Falcons invest hopes in rookie quarterback

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The Independent Online

There has been little to enthuse fans of the Atlanta Falcons during the franchise's wretched 36-year history. Having been mired in mediocrity for decades, a new direction beckoned in 1998 when the Falcons surprised even themselves by reaching the Super Bowl. Inevitably, it proved a false dawn, Atlanta winning only nine games during the following two years.

With a new season on the horizon it comes as a surprise, therefore, to find the Falcons the most discussed team of the forthcoming campaign: even more so when the focus of that interest is a young quarterback who has yet to play a game as a professional, and who might not even make an appearance during 2001.

Michael Vick is regarded as a future star by those in the know but, like any young player, he represents a risk. In Atlanta's case, a particularly expensive one. The Falcons made him the first player taken in the annual collegiate draft last April, signing him to a six-year contract worth $62m (£42.6m), the biggest deal for a rookie in the history of the game.

The left-handed 21-year-old from Virginia clearly possesses the physical tools needed to excel at this most demanding of positions. His throwing has been compared with the gridiron legend Dan Marino, while his speed (he can run 40 yards in 4.23 seconds) will make him the fastest quarterback ever. It is this combination of power and quickness that has prompted the Falcons to invest so heavily in their future.

He is, however, a relative baby. Most players graduate after a four-year college career: Vick left Virginia Tech after just two, and his second was marred by an injured ankle. His achievements the year before, when he led his college to 11 consecutive victories, were sufficient to alert everyone to his remarkable potential.

Expectations abound in Georgia. The clamour for Vick to start in Sunday's contest against San Francisco is overwhelming, yet the player himself insists he is not ready for the role. "There are still a lot of things to learn," he said. "An NFL playbook is big, and you can't just go out there and play. That's one thing people have to understand." That was a lesson learned by Atlanta's head coach, Dan Reeves, in 1983. Reeves plunged a young quarterback called John Elway into the maelstrom, and while Elway would go on to enjoy a glittering career, his debut season was less than impressive. Reeves will not compound his earlier error.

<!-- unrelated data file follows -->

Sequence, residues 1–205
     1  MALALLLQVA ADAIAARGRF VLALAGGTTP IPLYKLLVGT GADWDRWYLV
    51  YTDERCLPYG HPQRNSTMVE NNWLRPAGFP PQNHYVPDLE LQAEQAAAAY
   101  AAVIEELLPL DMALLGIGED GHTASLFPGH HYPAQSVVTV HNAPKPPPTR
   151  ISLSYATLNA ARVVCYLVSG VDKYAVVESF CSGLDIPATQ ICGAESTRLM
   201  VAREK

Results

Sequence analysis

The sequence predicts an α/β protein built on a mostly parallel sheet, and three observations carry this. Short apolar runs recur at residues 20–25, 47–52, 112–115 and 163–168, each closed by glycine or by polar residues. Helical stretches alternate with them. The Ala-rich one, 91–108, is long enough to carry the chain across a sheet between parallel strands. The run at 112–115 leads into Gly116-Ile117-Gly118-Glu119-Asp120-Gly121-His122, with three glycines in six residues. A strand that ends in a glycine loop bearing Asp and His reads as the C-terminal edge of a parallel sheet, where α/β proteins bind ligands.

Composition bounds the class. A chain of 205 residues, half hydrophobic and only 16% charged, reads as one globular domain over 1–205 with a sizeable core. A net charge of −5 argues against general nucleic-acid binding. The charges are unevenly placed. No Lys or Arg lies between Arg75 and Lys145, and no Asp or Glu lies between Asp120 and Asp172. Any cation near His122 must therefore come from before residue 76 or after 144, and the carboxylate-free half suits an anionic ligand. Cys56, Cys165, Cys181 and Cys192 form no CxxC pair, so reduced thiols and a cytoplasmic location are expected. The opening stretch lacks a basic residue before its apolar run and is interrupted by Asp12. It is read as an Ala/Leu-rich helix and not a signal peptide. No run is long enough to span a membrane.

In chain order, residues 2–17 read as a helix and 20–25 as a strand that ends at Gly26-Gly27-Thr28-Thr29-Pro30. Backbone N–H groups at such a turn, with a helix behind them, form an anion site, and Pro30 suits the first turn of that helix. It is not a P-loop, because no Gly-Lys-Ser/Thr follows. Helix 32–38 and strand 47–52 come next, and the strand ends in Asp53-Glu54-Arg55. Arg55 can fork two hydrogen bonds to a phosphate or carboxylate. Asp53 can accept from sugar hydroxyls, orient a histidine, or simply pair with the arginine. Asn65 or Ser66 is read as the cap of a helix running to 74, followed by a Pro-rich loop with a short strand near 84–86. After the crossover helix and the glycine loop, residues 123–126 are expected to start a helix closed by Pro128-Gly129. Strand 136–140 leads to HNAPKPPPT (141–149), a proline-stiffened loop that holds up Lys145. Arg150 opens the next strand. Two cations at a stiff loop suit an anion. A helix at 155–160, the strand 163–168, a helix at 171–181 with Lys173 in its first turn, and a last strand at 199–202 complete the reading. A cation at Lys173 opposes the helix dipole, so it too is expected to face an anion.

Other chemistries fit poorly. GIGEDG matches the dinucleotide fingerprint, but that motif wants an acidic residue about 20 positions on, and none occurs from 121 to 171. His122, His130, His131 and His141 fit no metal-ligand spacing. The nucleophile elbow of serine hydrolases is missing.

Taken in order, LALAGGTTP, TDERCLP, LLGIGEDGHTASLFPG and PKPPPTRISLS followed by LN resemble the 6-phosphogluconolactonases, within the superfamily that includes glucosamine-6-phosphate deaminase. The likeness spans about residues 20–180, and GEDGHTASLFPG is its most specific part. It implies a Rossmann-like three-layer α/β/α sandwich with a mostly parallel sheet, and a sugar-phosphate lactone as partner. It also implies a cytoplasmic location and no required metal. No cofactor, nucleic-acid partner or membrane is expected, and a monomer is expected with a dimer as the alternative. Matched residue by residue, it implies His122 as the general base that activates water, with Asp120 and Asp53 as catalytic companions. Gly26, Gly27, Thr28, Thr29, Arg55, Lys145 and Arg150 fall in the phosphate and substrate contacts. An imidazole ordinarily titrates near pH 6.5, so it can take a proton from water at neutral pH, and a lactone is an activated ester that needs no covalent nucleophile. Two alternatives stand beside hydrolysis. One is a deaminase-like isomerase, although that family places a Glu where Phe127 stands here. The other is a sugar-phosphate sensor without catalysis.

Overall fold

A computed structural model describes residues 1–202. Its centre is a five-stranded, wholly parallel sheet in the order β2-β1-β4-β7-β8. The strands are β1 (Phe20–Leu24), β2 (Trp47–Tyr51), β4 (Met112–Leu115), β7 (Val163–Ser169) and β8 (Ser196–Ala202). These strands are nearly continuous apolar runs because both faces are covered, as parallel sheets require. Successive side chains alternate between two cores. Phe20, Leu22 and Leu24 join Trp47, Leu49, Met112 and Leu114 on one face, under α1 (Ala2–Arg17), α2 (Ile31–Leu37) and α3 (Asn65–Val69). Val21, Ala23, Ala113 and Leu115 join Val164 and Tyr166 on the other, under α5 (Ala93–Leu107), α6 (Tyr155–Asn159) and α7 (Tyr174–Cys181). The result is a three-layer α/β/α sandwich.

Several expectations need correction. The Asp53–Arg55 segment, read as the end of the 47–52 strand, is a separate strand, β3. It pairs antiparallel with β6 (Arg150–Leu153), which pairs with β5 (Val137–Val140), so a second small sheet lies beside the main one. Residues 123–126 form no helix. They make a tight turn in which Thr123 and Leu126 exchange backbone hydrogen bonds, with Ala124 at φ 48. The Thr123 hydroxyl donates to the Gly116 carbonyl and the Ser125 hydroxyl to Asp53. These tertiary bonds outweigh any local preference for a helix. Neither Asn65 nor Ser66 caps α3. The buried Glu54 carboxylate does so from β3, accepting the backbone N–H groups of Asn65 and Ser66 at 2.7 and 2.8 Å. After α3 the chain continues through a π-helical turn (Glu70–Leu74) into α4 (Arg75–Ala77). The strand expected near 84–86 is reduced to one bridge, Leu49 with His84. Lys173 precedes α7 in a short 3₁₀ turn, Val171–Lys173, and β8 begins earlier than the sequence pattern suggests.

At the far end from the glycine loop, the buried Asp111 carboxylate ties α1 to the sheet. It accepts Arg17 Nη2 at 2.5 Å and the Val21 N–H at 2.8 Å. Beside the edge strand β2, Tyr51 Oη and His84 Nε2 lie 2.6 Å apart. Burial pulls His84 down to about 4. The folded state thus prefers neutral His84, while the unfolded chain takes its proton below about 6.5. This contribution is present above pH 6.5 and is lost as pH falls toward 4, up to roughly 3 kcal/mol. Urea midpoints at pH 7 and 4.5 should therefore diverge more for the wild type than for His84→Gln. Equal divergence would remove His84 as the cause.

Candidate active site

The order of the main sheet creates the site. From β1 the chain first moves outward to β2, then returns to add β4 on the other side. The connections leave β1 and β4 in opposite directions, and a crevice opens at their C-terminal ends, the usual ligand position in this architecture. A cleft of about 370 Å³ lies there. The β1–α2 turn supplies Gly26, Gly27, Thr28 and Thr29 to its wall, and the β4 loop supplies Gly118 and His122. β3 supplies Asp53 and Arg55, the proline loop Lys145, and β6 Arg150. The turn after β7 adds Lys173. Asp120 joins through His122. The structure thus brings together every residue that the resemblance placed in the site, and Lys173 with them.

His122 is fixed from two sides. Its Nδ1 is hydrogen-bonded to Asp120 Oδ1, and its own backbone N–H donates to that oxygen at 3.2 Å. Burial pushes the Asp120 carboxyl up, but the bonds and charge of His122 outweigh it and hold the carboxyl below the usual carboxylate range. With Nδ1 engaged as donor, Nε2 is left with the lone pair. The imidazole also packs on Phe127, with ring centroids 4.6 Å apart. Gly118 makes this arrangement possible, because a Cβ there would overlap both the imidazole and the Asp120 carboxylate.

The need for caution is also stressed by the incumbent quarterback, Chris Chandler. The 35-year-old veteran's caution is not prompted by concerns over job security. "I understand the situation, that there's going to be 20,000 extra people in the stands saying 'we want Vick'," he said. "If you put him in there too early he's going to be uncomfortable about what he's doing, and that could hurt his entire career."

There was evidence of strength and weakness during Atlanta's pre-season games. Vick's running ability was displayed in a 41-yard scamper against Tampa Bay last week but, in an earlier contest against the New York Jets, he also gave up two fumbles.

"He's doing a great job of seeing more things on the field," said Reeves. "You just hope he continues to gain confidence. The thing about Michael is that he will make some errors, but he won't repeat them." He offers compelling evidence that the role of the quarterback has changed beyond recognition in recent years. Gone are the days of the strong-armed passers who stood tall and only ran when circumstances became desperate. Today's passers can beat you with their legs as well as their arms.

Vick belongs in the same category as Philadelphia's Donovan McNabb, Daunte Culpepper in Minnesota and Aaron Brooks of the New Orleans Saints. Each of them possesses the extra dimension that proves difficult to defend.

The Atlanta youngster has the potential to be the best of them, yet fears gnaw at the core of expectation. Three years ago, two quarterbacks came from the college ranks with almost identical expectations. One, Payton Manning, has gone on to fulfil his promise with the Indianapolis Colts. The other, Ryan Leaf, was a disaster in San Diego. The Chargers released him at the end of last season.

His work ethic and humility appear exemplary, and his readiness to accept a learning role has impressed team-mates. "It just can't happen right now," he says of his prospects of supplanting Chandler. "Hopefully at some time this year, if Chris goes down, I can go out there and play at my best. My goal is to be ready to play. I have to continue to study, to believe in myself and my abilities."

Rarely has so much been expected of a player who has done so little and been paid so much. In addition to his gunslinger's arm and sprinter's legs, Michael Vick also boasts broad shoulders. He is going to need them.

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